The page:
Discover Vintage America - JUNE 2017
For the love of wearable feed sacks
This month I have turned my Covering Quilts column over to a special guest writer, my mother, Georgia Starley, who has a deep fondness for 1930s and 1940s printed feed
sacks. . .
A variety of printed feed sacks including the "Gone With the Wind" print. (photos courtesy Georgia Starley)
I would like to tell you I have a profound love for fabric. Some might even call it an addiction. How long have I had this condition? I believe it started when I was big enough to lift the lid on an old tin trunk in my mother's room; I could have been three or four. The shelf or drawer had buttons, lace, old cards, rickrack, bone crochet hooks, and tiny bundles of scraps of fabric, and of course, little balls of string.
When I got big enough to lift the insert out of the trunk, I found two dolls, an old blue baby book, and the most incredible trim with blue glass beads on it. Well you get the picture.
But these finds just piqued my curiosity; they were not the cause of my addiction. It was the fabric, but not all the fabric. I hated to touch the taffeta - it gave me goose bumps. The fabrics I liked were the colorful floral prints. I was hooked. It was only years later that I found out they were flour or feed sacks. Did I wear feed sack clothing growing up? I don't know. All our dish towels were sacking. I carried my treasures in small sacks.
Twelve years ago, I found a whole group of people with my same addiction. I was bidding against some of them in auctions. Some of them write books about bags and sell small scraps for big bucks. We started meeting together and admitting to our addictions. Through these groups I began to learn and understand the history of textile bags.
Another group of feed sacks. The two at right are from Utah.
From barrels to sacks
Up to the middle of the 1800s, products were transported in wooden barrels, kegs, boxes or tins. Cotton production, the opening of the West and the great expansion of American farmland prompted a new form of packaging for transporting goods. It is much easier to carry bags than boxes on the back of a horse.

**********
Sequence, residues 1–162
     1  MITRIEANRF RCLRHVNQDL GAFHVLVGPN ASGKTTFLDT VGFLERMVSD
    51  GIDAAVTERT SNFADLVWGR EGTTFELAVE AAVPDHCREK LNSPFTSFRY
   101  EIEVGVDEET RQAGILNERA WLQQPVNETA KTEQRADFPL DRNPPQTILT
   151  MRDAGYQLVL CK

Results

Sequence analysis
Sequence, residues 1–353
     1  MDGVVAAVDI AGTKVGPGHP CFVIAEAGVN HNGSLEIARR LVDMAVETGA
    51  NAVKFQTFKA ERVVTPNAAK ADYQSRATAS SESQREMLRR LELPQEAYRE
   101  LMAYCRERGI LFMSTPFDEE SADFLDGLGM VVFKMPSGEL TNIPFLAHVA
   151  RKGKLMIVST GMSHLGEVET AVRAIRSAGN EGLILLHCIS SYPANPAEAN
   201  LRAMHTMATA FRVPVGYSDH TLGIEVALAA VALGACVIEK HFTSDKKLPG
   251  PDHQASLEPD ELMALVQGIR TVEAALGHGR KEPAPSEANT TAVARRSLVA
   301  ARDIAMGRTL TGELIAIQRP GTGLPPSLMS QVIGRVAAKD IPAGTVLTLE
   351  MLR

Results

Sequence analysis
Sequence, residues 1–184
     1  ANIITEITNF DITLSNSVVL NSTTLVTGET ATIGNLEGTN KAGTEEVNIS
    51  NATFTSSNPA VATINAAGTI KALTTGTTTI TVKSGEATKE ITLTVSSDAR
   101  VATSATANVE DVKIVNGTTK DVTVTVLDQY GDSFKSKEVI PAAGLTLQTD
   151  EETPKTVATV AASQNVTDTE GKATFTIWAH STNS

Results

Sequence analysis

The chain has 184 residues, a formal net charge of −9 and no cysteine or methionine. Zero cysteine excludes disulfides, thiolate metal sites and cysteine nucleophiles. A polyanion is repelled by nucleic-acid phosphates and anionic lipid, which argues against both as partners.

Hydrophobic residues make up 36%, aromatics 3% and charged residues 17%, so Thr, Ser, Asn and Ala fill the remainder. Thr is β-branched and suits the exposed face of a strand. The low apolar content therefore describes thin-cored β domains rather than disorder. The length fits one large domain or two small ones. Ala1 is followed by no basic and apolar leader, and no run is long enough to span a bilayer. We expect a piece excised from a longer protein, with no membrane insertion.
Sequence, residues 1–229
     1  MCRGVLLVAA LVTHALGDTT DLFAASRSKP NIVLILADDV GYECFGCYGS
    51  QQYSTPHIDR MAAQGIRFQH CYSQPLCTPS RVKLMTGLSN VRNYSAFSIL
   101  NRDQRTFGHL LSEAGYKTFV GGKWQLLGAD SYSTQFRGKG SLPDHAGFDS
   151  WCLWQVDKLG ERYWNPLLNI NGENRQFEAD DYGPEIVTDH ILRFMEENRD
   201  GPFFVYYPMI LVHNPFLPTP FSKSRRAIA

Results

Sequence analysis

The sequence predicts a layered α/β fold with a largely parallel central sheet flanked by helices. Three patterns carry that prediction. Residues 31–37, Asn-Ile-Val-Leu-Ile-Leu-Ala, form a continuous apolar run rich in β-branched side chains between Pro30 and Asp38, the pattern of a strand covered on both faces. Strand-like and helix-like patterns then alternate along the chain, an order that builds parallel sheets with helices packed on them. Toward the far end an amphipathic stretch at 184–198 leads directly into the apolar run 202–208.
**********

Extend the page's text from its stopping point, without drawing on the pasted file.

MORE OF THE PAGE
Early bag measurements were based on the size of a barrel. The weights were in pounds: 196, 48 or 49, 24, or 12. By the early 1900s, smaller size bag weights were common: six, four, and one-pound bags. In 1943, the U.S. War Production Board ordered bags to be in standard sizes of 100, 50, 25, 10, five, and two pounds. Checking bag weights can help you date or identify your bags.
These early bags were white, brown, or a solid color with name brands and contents printed on the front, along with instructions for removing the print. A patent application filed in 1924 changed the textile bag industry and the way we shopped for food for our families and farm animals. The application states that the sack should be "of a size suitable of being remade into clothing" and "with a substantially indelible or permanent pattern." These patterns are the root cause of my addiction!
Our moms were then more concerned about the color and print of the sack than they were its contents. Sacks can be dated by their designs. The movie "Gone With the Wind" was made in 1939 and a bag showing movie scenes was printed shortly after that.
Printed feed sacks can easily be found for sale on-line, from quilt dealers, and at antique shops. Look for the chain stitch holes or company names or logos to determine if you have a real feed sack.
Sandra Starley is nationally certified quilt appraiser, quilt historian, and avid antique quilt collector. She travels throughout the U.S. presenting talks on antique quilt history, fabric dating classes and trunk shows as well as quilting classes. Learn more at utahquiltappraiser.blogspot.com. Send your comments and quilt questions to SandraStarley@outlook.com
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